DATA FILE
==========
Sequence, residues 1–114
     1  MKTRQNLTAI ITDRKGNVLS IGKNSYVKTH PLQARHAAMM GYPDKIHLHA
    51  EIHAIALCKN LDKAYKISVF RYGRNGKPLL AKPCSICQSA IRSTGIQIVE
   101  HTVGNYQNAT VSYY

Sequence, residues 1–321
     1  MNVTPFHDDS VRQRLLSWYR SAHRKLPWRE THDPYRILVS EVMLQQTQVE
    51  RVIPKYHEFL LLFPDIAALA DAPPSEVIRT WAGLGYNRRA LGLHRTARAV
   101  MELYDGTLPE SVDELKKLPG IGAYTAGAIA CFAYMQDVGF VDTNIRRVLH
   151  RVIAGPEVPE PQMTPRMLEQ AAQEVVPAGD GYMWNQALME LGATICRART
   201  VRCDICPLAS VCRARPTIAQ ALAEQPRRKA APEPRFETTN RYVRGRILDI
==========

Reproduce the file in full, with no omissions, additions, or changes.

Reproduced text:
Sequence, residues 1–114
     1  MKTRQNLTAI ITDRKGNVLS IGKNSYVKTH PLQARHAAMM GYPDKIHLHA
    51  EIHAIALCKN LDKAYKISVF RYGRNGKPLL AKPCSICQSA IRSTGIQIVE
   101  HTVGNYQNAT VSYY

Sequence, residues 1–321
     1  MNVTPFHDDS VRQRLLSWYR SAHRKLPWRE THDPYRILVS EVMLQQTQVE
    51  RVIPKYHEFL LLFPDIAALA DAPPSEVIRT WAGLGYNRRA LGLHRTARAV
   101  MELYDGTLPE SVDELKKLPG IGAYTAGAIA CFAYMQDVGF VDTNIRRVLH
   151  RVIAGPEVPE PQMTPRMLEQ AAQEVVPAGD GYMWNQALME LGATICRART
   201  VRCDICPLAS VCRARPTIAQ ALAEQPRRKA APEPRFETTN RYVRGRILDI